This article contains spoilers for Legion Season 2 and discussion of sexual violence.

After a show-redefining Season 2 finale, what can we expect from Legion Season 3? One thing "Chapter 19" of FX's mind-bending mutant show made abundantly clear is how important it is that Legion was renewed for Season 3. The explosive finale explores David's complicated (and crowded) mental state that seems more akin to his comic book iteration... and sets David up to be a villain after all.

When David Haller argues with two of his other personalities in his head over whether he is delusional, his fate already seems bleak; one of them tells him that his underlying delusion that has clouded his judgment throughout the show is the belief that he is a good person who deserves love. David refuses to face the idea that he is not a "good guy" responsible for saving the world from Farouk and other villains.

But David's belief that he "deserves love" takes a dark turn. Syd and David have a confrontation over David's actions in the past, present, and future; she attempts to shoot him, believing that he is too dangerous to be kept unchecked. David survives, however, and wipes Syd's memory in an effort to save their relationship. After he has sex with her, his manipulation of her memories is found out by Cary, Farouk, and Syd. Farouk taunts David, telling him that David's abusive control of Syd is like Farouk's control of David — and just like David hates Farouk, Syd will come to hate David.

When David is confronted by Cary, Syd, and Division 3, they tell him that he is sick, and will need to take medication and go to therapy or else. David is furious, and Syd tells him clearly: "You drugged me and had sex with me." David is unable to confront this reality — after all, if he is the good guy who is fighting for love — and his horror quickly turns to anger. David escapes with Lenny, leaving Syd and the others to wonder what happens next.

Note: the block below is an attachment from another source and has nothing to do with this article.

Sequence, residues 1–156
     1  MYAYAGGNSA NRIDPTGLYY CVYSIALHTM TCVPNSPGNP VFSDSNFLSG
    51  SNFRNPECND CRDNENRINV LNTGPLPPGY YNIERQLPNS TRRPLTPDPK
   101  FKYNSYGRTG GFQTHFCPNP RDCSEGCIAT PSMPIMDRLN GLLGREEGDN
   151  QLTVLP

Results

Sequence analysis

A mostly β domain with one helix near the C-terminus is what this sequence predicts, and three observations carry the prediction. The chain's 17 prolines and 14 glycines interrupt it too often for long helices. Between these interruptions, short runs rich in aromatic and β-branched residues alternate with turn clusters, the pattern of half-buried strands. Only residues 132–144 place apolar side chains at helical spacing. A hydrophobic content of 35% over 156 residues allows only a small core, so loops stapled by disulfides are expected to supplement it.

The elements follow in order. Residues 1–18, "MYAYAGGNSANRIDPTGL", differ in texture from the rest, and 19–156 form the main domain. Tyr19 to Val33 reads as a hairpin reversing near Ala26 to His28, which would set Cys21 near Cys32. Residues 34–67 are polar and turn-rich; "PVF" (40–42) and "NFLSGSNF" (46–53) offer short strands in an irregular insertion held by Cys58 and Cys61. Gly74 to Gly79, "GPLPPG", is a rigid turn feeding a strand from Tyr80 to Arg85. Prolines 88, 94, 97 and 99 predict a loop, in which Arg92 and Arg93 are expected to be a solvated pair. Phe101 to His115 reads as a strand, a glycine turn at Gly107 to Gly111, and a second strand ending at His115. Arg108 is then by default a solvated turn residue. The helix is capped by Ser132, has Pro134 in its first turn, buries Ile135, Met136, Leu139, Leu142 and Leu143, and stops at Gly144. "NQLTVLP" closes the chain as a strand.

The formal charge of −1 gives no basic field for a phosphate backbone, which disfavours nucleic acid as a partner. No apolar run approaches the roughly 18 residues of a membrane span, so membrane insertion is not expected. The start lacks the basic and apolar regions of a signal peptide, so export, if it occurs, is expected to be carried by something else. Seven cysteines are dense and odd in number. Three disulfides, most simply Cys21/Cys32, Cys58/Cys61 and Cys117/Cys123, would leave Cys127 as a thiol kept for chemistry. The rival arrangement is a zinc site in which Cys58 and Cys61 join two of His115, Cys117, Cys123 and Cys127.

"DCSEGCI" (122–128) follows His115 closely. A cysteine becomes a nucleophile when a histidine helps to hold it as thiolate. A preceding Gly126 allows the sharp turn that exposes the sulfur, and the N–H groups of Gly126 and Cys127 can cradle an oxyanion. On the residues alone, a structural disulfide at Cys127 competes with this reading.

Suffice to say, Legion Season 3 looks bleak. In an interview with The Wrap, showrunner Noah Hawley described Legion as a "tragedy". In the eyes of the showrunner, David may have always been doomed. But despite the intentions of the people behind the show, Hawley notes that the most important element of tragedy is that the events feel avoidable:

"Tragedy is different from drama. Tragedy has elements of the preventable to it, this idea that were a different choice to have been made, or events to have unfolded differently, we wouldn’t be in this mess, but we are. What makes it tragic is it was avoidable."

The threat of David's future actions drove a wedge between Syd and David, a wedge that seems to have caused David to turn into a villain. The ending of the show's second season opens up so many "ifs" and "ands" that could have changed David's fate, and yet, at the same time, his descent feels inevitable.

Considering the structure of tragedy, it's quite possible that Hawley's trajectory could end in David's death. Whether this comes in Season 3, of course, depends if it's really the end of Legion, or just another act in his fall. Given that as the show's low ratings in season two did not stop it from being renewed, fans might be lucky here.